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2010-01-14 digital edition

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2010-01-14 / General Stories

Winter Bird Survival Challenge

How are feathered friends surviving the season?

European Starling by Evelyne Samson © Cornell Lab of Ornithology European Starling by Evelyne Samson © Cornell Lab of Ornithology How do birds withstand wicked winter weather and other daily threats to survival, even in warmer climates? A new environmental challenge from the Celebrate Urban Birds project at the Cornell Lab of Ornithology invites participants to show how birds are surviving in their neighborhoods this winter. It can be a photo, artwork, video, even a story or a poem describing how birds are finding the food, water, and shelter they need. People of all ages can participate as well as groups such as schools, libraries, clubs, and businesses. Celebrate Urban Birds is a free, year-round citizen-science project focused on birds in neighborhood settings.

“It’s unbelievable how even tiny birds can survive being outdoors 24/7 in places where winter is cold and snowy,” says project leader Karen Purcell. “We want to see how they’re getting along. It might be a crow huddling near a chimney to get warm, visits to bird feeders, a berry bush that birds raid for food, a fountain birds use for water, or maybe even one of the lucky birds soaking up the sun in a warm, southern state.”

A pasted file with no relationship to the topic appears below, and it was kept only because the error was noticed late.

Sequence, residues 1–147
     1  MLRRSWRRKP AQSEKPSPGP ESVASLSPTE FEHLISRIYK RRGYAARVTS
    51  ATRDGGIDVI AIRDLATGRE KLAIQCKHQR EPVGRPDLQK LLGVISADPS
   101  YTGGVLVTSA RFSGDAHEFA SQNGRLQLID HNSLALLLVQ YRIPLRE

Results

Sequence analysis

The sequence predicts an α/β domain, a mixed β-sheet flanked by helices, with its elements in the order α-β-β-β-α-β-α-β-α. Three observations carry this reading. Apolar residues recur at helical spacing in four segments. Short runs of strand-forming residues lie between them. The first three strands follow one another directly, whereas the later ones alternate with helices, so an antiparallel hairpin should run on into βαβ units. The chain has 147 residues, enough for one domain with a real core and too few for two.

Prizes include a pair of Eagle Optics binoculars, bird feeders, a birdsong calendar, books, posters, cards and more. The first 50 entrants will receive a copy of the “Little Green Places” poster and selected images and videos will be posted on the Celebrate Urban Birds website.

How to enter:

1. Email entries to urbanbirds@cornell.edu . If you submit a video, post it on YouTube and send us the link.

2. Write “Survival_yourfirstname yourlastname yourstate” in the subject line.

3. Include your mailing address in your email

4. Explain why you submitted your entry—describe your winter conditions and what you observe the birds doing during winter.

5. One entry per person, please.

Deadline for entries is February 15, 2010 Visit the Celebrate Urban Birds for more information, to see entries for past challenges, and to read the terms of agreement for all entries.

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